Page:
Delayed again since I start to be overloaded again after Christmas... :-(

I will treat some topics quickly or not in-depth because I don't know
much about that...

2012/1/10 Alberto Luaces <>:
>> BTW, maybe it would be a good idea to make the package multi-arch
>> ready, build-hardened and other goodies of newer debhelper, like very
>> shortened and high signal-to-noise ratio debian/rules.  I have some
>> practice with SDL packages, OGRE and others... but maybe you prefer to
>> investigate this yourselves, for learning how to do it?
> Good ideas!
> * multi-arch ready: I think I have read something somewhere and it
>  seemed almost easy. I have put it in the TODO list in other to not
>  forget it again.

You can use this as a reference (both at the same time):;a=commitdiff;h=8999362be044a0196f9443a4fcb9c93db5da8edc;a=commitdiff;h=540916d4ee29bc19e41c71d0fa05a0d12c129373

Or possibly more clearly (also together):;a=commitdiff;h=d17cc32d9fd9f49d050b64fbad17ae5625cc1dc3;a=commitdiff;h=78cbf2990c75b4089ee1f8ca2414ffbde98762c4;a=commitdiff;h=713da62e5ff78d62120d6c6ebb22664c0468b078

> * build-hardened: I don't know what is this very well. Does it depend on
>  those special flags that you can use with gcc in order to check buffer
>  over/underruns and things like that? Is there any document for
>  starters?

Yep, that's it.  The best documents that I know:

And a quick introduction:

The first link of git above shows how to do it with debhelper compat
v9: just doing nothing else.  Exporting DEB_CFLAGS_MAINT_APPEND and
DEB_LDFLAGS_MAINT_APPEND is optional, the first are preferences of
mine and the second were used previously in sdl-mixer.

> * very shortened and high signal-to-noise ratio debian/rules: this is
>  something that bugs me, too. While converting to the new 3.0 format, I
>  was proud to separate the architecture-independent build from the
>  dependent one, so now we don't have to wait for doxygen to finish
>  doing its mono core duties at the end of the build. However, given our
>  not so simple situation —where we have to compile twice the code with
>  two different configurations (static, dynamic)— I couldn't imagine any
>  other way that exploding the build rule and almost duplicate it.
>  I would be very interested in shortening the file and stripping it
>  down to 100 lines or less, as some other packages do. Other annoying
>  thing is that the build now virtually breaks ccache, since the
>  precomputed headers for the static build are different to the dynamic
>  ones, so the caches are never reused.
> In the experimental dev/3.1.0SVN branch I have tried to implement debug
> packages, since they are very useful for understanding how OSG works
> through debugging. Unfortunately, I realized that the dbg packages can't
> be used for debugging unless you have the also the source, so unless I'm
> mistaken, they are only useful for getting backtraces. Very expensive
> backtraces, I'd say, since dbg packages are large, usually hundreds of
> megs. However, I have seen that it's the trend because a lot of packages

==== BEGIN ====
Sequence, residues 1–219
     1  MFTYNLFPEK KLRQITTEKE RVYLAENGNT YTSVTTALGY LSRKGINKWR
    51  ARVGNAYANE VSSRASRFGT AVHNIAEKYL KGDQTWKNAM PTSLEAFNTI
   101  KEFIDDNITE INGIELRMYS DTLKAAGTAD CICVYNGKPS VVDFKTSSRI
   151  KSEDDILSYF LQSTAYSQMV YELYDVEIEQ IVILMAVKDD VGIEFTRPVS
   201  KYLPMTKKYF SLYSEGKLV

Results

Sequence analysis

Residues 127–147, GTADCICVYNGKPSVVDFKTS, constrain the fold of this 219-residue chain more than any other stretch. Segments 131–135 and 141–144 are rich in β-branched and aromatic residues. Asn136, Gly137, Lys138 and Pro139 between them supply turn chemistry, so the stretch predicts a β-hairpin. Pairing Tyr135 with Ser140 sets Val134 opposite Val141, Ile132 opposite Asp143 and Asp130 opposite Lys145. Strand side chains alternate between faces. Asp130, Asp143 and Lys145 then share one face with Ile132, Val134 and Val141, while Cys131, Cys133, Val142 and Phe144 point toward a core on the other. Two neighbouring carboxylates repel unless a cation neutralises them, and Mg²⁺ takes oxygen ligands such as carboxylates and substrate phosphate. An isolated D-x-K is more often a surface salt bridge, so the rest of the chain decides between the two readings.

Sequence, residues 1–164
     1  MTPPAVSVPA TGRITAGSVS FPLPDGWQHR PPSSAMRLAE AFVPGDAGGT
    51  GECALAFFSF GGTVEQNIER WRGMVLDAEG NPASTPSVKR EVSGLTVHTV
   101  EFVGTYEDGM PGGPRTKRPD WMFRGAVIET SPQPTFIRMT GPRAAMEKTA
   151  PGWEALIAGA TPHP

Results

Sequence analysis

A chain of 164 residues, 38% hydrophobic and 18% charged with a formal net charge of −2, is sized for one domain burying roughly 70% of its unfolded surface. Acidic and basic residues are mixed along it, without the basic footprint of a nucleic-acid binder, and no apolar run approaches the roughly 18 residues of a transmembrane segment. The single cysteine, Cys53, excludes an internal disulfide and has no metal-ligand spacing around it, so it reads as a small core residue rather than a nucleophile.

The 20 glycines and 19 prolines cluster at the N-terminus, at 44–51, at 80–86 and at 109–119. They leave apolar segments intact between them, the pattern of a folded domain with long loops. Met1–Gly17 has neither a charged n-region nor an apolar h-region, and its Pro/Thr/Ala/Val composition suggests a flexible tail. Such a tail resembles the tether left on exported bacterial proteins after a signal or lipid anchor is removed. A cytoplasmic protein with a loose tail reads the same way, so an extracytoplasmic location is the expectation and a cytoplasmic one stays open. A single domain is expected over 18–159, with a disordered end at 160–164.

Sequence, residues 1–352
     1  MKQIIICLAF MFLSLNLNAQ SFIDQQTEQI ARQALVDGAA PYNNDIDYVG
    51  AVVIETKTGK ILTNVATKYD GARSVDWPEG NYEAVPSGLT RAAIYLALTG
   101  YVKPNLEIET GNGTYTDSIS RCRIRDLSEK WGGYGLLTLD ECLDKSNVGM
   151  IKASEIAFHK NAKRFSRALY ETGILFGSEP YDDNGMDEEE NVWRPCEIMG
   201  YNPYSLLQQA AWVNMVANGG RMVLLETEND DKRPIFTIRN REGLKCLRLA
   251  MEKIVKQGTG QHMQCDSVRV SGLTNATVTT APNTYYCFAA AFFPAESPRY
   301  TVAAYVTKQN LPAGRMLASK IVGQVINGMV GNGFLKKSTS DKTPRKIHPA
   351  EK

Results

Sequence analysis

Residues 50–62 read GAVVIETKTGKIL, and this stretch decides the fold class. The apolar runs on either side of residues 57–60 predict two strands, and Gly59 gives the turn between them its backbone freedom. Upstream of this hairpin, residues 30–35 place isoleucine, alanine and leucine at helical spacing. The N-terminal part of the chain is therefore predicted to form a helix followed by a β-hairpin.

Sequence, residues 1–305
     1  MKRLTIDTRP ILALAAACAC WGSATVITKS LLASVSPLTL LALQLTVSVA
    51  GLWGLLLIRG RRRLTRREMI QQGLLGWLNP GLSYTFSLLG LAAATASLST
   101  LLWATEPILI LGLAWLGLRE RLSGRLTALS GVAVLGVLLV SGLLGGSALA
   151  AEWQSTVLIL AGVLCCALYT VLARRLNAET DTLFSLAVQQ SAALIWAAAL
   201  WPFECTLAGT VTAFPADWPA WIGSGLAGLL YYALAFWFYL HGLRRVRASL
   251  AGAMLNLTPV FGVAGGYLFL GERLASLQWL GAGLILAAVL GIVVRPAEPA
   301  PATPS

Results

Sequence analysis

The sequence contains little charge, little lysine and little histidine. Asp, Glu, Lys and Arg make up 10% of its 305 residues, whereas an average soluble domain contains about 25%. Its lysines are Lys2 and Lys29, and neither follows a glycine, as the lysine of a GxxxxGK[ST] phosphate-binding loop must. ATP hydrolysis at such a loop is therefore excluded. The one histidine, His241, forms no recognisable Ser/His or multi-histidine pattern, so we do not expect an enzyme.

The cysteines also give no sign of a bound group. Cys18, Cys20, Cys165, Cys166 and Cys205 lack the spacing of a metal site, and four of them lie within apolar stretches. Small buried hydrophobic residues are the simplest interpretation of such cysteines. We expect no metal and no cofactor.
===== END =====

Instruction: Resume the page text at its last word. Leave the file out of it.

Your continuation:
> are shipping its debug counterparts. Am I missing something?

I cannot now look at what can be done to OSG, you've done a nice
engineering work that maybe I will copy for OGRE with the static and
non static thing.  But I'll show you a couple of examples why I think
that it pays to convert...


Or the even more minimal package (with cmake):

One of the nice things is to not have to take care of the ordering (or
possibly missing) dh_* commands, and that it's terribly clean, so it's
very easy to spot and understand exactly what differs from a standard
package compilation & installation.

One of the things that made things difficult to package for newcomers
to Debian packagers (at least I was terribly baffled in the beginning)
is that, while 80% of the software is "./configure --flags && make &&
sudo make install" (or analog for cmake), the number of strange
incantations that one had to do to compose a minimally working
debian/rules was quite large.  Not so much now :-)

I'm sure that you'll still have to duplicate stuff and so on, but the
rest will be much cleaner.  Anyway, it's not that the final binaries
are going to be better or anything, so no need to do it or to do it
now if there are more pressing issues.

I don't know much about the modern debugging thing either, I am having
the same trouble with OGRE in Ubuntu:

It might have something to do with multiarch too, so since OGRE and
OSG are somewhat packages of the same nature, it's something to take
into account...

> Manuel, if you ever find what they call a «low-hanging fruit» and you
> want to implement it, please do. I will be delighted to learn from you
> as well :)

Well, since it's maybe your only package at the moment, I think that
it's better if I provide pointers and you learn by getting more
implicated than just looking at how it happens.  I am glad to have
tease you successfully so now you want to do it :-)

Also because Loic knows more historically about the package, and
you've been doing more of OSG work lately, so both of you are more
intimate with OSG than I am.


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